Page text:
Media practitioners—at least the more serious ones – take to heart their being the so-called Fourth Estate. The judiciary, executive and legislative branches of government have their respective checks and balances, but it is media that can be as objective as possible when informing the public about what the three branches of government do.
Media reports the truth, but that truth cannot always be reported. Not when important documents are hidden from public view. Such documents may be used in a variety of ways, not the least of which is to investigate suspected wrongdoing.
Having access to government-held documents can also work in a positive way, by clearing those suspected of committing crimes and misdemeanors, but who turn out to be innocent.
The Philippines has long patterned its institutions after the United States, and in that country, their version of the FOI has been used constructively by the best and brightest journalists, be they print, broadcast or electronic.
The US experience
The point of American media is no different from our own. A person with nothing to hide has nothing to fear. And government officials, in particular, ideally have to be elected or appointed with clean hands.
It is the journalist’s job to ferret out the truth whenever government officials are suspected of wrongdoing.
It is worth noting that US media has been able to expose the past shenanigans of those who aspire to become their president because they had access to documents that are considered sensitive.
For the longest time, Filipino journalists have been asking, begging, cajoling, charming and pleading with Congress to pass a Freedom of Information (FOI) Act. Too often have mediamen and women been frustrated by the doors that are figuratively closed to them, sometimes in the name of “national security.” Such is the catch-all phrase that, in effect, tells media to back off.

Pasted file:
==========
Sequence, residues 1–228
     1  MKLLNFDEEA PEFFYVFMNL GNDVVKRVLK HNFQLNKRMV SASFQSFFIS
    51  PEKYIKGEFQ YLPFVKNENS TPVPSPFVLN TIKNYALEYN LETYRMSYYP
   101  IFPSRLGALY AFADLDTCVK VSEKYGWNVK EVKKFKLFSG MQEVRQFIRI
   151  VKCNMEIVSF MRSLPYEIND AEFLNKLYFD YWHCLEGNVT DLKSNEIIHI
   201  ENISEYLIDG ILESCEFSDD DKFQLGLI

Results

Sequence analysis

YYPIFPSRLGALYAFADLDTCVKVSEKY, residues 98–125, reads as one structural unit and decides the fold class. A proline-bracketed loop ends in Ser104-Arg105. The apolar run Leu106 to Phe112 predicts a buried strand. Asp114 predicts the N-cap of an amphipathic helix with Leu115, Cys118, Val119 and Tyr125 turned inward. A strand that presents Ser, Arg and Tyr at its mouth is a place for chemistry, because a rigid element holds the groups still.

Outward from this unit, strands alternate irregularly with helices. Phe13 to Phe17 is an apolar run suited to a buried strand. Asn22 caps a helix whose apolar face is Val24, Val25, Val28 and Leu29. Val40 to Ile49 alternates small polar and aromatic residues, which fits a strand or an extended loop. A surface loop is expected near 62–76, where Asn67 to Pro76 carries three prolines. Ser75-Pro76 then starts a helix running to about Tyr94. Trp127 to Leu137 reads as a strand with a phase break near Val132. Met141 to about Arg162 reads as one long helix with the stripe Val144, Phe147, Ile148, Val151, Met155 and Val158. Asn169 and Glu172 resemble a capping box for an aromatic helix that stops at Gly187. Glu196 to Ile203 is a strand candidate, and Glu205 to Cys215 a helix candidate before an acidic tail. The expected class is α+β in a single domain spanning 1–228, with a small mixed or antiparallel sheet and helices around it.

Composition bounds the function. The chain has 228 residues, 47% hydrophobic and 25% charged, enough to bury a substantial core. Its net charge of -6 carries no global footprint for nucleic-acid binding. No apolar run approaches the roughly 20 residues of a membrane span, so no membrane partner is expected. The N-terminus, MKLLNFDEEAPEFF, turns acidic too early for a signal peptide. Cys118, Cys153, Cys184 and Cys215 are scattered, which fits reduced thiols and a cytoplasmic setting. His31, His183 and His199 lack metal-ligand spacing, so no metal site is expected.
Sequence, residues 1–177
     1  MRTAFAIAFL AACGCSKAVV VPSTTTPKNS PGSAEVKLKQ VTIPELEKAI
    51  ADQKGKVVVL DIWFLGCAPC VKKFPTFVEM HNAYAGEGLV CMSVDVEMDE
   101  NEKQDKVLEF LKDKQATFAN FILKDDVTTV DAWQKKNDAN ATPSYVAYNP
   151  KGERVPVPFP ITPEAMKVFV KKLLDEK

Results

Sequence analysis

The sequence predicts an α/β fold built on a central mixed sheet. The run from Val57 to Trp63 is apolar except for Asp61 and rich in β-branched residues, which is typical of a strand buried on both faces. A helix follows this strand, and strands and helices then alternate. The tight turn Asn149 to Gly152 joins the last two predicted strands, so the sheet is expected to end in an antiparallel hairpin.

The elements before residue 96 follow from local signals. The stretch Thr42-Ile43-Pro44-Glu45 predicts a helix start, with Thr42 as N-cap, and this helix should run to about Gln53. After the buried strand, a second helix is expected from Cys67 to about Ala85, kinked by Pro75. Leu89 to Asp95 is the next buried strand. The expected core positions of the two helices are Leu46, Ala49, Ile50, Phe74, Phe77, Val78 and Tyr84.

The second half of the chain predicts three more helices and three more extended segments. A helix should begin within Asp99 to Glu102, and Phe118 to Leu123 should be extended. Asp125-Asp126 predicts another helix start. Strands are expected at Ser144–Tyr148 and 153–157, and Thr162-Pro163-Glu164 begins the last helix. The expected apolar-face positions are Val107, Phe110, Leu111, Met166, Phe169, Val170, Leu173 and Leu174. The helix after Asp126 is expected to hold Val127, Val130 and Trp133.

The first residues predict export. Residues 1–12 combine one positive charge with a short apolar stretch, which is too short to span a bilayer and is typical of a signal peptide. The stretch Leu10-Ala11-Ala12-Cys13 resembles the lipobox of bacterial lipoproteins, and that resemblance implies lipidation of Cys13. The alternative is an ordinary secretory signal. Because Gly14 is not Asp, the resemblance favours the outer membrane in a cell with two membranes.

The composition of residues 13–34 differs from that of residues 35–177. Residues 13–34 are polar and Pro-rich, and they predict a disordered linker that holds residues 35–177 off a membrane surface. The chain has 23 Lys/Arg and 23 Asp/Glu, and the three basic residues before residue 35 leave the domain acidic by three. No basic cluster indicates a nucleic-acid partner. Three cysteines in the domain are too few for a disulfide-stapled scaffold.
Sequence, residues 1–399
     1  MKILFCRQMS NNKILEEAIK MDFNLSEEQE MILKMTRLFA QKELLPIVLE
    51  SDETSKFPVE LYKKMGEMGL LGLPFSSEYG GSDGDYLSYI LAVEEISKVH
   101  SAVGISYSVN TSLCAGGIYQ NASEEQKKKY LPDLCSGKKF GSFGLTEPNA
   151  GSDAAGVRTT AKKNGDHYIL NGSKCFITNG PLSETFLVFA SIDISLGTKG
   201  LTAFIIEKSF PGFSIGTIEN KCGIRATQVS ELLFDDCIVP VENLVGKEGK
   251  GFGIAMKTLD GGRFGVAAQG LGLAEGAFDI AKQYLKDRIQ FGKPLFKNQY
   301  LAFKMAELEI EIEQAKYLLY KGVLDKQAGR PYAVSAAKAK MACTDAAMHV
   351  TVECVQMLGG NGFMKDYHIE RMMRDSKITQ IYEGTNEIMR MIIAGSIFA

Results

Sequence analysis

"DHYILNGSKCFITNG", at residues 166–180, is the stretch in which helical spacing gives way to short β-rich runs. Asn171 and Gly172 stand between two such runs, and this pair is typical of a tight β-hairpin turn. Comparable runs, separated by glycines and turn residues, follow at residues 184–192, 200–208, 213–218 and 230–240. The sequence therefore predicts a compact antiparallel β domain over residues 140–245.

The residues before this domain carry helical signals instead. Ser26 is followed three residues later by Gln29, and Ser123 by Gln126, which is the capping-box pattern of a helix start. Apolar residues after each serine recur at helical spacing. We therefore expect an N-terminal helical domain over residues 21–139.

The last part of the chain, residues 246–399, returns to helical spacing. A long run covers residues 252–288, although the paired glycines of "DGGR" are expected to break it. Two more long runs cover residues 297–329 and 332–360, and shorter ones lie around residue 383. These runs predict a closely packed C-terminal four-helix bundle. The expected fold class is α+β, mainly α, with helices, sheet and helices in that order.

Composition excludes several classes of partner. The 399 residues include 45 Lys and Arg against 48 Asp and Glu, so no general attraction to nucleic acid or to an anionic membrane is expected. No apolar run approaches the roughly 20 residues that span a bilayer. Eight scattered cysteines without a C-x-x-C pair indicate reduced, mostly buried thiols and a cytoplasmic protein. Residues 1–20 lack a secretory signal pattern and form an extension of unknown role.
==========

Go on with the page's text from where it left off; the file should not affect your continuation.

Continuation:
The long pending FOI would have provided the entry point for media to do a better job. No longer would stories be written based on unsubstantiated claims of government officials. Those “he said, she said” stories have always lacked substance and depth. In a lot of cases, obvious lies are peddled to the public via media, and there is no way of verifying claims because access is denied.
For reasons known only to himself and presumably the Cabinet secretaries closest to him, President Benigno Aquino 3rd has opted not to give the FOI bill his full support. What support he has given to the proposed law may be deemed lame, at best.
There may be a reason for President Aquino’s lack of enthusiasm for the FOI act. Very recently, he attended an event at one of the country’s biggest media organizations, where he took the opportunity to claim that the reporting by the station’s news anchors left much to be desired.
Specifically, the President took issue with the way former vice president Noli de Castro reported the news. Mr. Aquino cited the supposed snide remarks and side comments that were irrelevant to the news being reported. Perhaps the Chief Executive had a point. But he also failed to point out that the wife of his party president and running mate during the last presidential elections was also with the same station, and her reporting could be perceived as biased in favor of the administration.
Media’s job has never been to make any government official look good or bad. At its best, media only reports the news as it happens. Objectively.
Most of the previous administrations have had their beefs with how media treated them. But for the record, Philippine media also has serious issues with how Malacañang and the Cabinet secretaries who directly dealt with them did their jobs.
Part of the corruption in media that some officials complain about has its roots in the presidential palace.
On the plus side, Philippine media has to be happy with the fact that 117 lawmakers have publicly supported the measure. This means that there is a good chance that the FOI act will be passed by this Congress. Philippine media can then rightfully expect President Aquino to sign it into law.
Only the beginning
Having a Freedom of Information Act will only be the beginning. Only after it has been in effect will the public see if it is a law that delivers on its promises.
Expectations will be high and media must do its part. The law cannot and must not be used by media organizations with a hidden agenda to inflict harm. About the worst thing that can happen as a result of the law is for media attack hounds on the payroll of crooks to be unleashed against innocent government officials.
Hopefully, local media will reach a level of maturity that places it at par with its US or Western counterparts.
Whether he realizes it or not, Philippine media can be a partner in President Aquino’s crusade against corruption. For as long as he himself remains as clean and honest as he is perceived, the current Malacañang occupant will have nothing to fear. And for as long as he has nothing to hide, most of Philippine media will quietly cheer him on as he struggles to tread the straight and narrow path of truth. The Manila Times